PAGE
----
Melina H. February 14, 2021
Lucky you! How did you manage to come into a steady supply? Sounds like you're having a grand ole time making delicious things over there...
Winifred R. February 13, 2021
Yup, have bought and used duck eggs. Since they’re larger you may want to measure their volume in a cup when baking or guestimate (if you’re go at that). You may get more egg per cake for example if the recipe calls for, say, four eggs. I’d go ahead and use the same number for custards because I like a firm custard, but baking give a bit of thought.
Melina H. February 14, 2021
Yay! Yes, that's all sound advice.
puguppy February 13, 2021
Duck eggs are wonderful for baking. I had heard it was because there is a higher proportion of yolk to white. However, if using as a fried egg in a dish be sure to taste one first. Duck eggs are strong flavored and many people don't care for them. That strong taste does not carry through to baked goods, even custard.
Melina H. February 13, 2021
Exactly. Also excellent for baking, because there is less water in duck egg whites. I have never found fried duck eggs to taste strongly (and I have made a point to eat many!). They are "extra eggy" if that makes any sense.
Liz S. February 14, 2021
My neighbor, just last week, gave me some duck eggs ... we do some trades :). I poached one ... actually 2, as I broke the yolk in the first. No objection to taste, but I will say that I did not finish the first egg ... very "rich" to my taste. The egg that I broke the yolk, still poached ok with just slight leak ... I guess the yolks are stronger. At any rate, for breakfast eating, I will stick to chicken eggs, but look forward to trying the duck in baking based on comments.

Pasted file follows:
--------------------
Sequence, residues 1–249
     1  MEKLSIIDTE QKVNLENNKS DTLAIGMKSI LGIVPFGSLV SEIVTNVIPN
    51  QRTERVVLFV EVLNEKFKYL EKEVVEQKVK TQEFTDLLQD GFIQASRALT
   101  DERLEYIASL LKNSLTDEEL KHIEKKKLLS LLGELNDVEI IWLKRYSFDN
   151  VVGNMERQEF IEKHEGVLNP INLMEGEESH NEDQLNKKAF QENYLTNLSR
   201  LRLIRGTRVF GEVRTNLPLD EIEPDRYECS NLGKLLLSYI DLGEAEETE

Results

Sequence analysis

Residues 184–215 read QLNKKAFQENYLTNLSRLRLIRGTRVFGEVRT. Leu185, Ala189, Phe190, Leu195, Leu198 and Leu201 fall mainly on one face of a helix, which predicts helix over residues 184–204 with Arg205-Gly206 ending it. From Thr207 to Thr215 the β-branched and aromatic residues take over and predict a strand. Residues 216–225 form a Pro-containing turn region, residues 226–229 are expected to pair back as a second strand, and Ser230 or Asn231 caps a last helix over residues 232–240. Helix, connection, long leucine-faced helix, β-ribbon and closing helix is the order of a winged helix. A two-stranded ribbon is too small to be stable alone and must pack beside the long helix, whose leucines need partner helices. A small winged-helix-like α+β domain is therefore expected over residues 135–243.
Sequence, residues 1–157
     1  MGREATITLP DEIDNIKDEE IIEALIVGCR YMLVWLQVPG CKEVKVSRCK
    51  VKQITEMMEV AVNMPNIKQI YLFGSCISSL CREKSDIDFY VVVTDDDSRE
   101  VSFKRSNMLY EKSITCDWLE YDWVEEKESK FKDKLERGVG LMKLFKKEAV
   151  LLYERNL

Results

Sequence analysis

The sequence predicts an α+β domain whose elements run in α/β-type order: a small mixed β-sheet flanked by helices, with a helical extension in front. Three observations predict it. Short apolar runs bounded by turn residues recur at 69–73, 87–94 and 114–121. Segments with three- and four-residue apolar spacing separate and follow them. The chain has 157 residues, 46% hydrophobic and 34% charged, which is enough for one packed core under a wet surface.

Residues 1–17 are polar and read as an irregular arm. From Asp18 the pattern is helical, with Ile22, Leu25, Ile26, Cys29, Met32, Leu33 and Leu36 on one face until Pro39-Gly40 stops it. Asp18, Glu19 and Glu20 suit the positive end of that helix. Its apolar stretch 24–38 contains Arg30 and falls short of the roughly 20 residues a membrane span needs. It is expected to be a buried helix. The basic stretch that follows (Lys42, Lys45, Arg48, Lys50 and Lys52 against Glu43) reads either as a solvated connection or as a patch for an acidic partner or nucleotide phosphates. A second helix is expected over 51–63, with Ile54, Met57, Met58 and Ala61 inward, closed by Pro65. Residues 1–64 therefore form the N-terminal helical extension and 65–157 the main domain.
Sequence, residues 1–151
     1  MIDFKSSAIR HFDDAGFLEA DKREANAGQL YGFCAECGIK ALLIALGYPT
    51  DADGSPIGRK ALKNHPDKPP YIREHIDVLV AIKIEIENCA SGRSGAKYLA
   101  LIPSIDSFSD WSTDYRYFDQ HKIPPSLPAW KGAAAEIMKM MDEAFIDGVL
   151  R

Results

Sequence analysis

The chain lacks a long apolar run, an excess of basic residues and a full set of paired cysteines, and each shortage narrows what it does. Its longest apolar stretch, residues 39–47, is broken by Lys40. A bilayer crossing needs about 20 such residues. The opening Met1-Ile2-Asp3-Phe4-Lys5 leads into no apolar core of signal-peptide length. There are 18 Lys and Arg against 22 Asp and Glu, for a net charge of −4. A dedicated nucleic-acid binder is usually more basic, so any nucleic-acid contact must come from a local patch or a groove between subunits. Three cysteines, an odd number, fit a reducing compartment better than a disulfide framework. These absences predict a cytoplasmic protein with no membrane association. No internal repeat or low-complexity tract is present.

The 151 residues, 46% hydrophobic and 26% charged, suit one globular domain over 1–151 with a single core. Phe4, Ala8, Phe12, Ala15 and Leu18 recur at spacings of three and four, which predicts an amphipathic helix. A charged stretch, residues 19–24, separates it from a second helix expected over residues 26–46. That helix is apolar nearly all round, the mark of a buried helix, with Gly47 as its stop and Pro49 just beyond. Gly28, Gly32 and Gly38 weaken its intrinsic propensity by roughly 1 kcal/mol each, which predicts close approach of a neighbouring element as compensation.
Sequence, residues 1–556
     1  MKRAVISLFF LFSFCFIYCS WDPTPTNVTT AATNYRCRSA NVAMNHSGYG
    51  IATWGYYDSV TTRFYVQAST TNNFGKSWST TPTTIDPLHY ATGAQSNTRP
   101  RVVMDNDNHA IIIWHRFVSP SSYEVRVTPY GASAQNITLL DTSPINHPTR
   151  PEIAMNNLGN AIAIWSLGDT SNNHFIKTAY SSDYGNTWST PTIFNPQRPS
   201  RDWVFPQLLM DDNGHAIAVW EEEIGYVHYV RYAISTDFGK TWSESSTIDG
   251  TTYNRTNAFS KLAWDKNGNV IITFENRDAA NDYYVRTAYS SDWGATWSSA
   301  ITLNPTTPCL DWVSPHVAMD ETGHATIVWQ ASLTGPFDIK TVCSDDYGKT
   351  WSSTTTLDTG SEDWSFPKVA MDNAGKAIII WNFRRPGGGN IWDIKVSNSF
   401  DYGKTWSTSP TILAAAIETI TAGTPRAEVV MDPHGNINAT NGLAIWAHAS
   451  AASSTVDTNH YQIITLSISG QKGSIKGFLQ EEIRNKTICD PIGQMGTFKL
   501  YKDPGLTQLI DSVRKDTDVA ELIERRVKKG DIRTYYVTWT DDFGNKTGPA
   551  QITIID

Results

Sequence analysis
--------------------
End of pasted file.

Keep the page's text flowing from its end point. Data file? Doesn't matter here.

Melina H. February 14, 2021
Do you like a good fried egg? I recommend that more than poached, as you get a really nice textural contrast. And that contributes to the flavor/eating experience. The frilly, crispy edge, contrasted by the liquid golden yolk is truly sublime! Now I want to know what you traded the eggs for... :)
Liz S. February 15, 2021
I am not a fried egg fan and I especially do not like crispy whites. I have tried as there are so many recipes/techniques ... poached, omelet or scramble for me :)

The trades vary ... I have an ice cream machine and my neighbor does not so often it is ice cream. Also pies ... I feel a bit guilty as both are so easy, but not everyone feels ok with pie crust I know. And the last trade was actually a laptop that drank some red wine :( ... I didn't want to mess with it, but knew that my neighbor's hub likes to do that and 2 kids now schooling from home. I am a work from home computer programmer and this laptop was due to become my backup so it is not as bad as it sounds (for me). At any rate, between us and also another neighbor we have a wide variety of skills that we share. This is in rural NW Montana and I consider myself very fortunate!
Melina H. February 18, 2021
Sounds like a special relationship, one filled with many perks! Stay warm in Montana :)
emgoh February 13, 2021
I was just finishing a fried duck egg when I saw this post! I’m highly reactive to chicken eggs (reaction is like an extreme case of food poisoning), but a nutritionist suggested I try duck eggs and they’ve been a great replacement. They’re also rich and wonderful in baking. Only trick is locating them at the grocer since ducks are apparently pickier layers than chickens (and aren’t fond of cold weather). Thankfully I’ve found a couple local farmers that sell them.
Melina H. February 13, 2021
Well that is serendipitous. :) Try finding them at a local food co-op or farmers markets. They're not necessarily picky about laying - they lay all over the place, which makes the eggs harder to track down!!
SueS February 18, 2021
My daughter has that reactive reaction to duck eggs. Projectile vomiting! She did not realize it was the duck egg. Just be careful!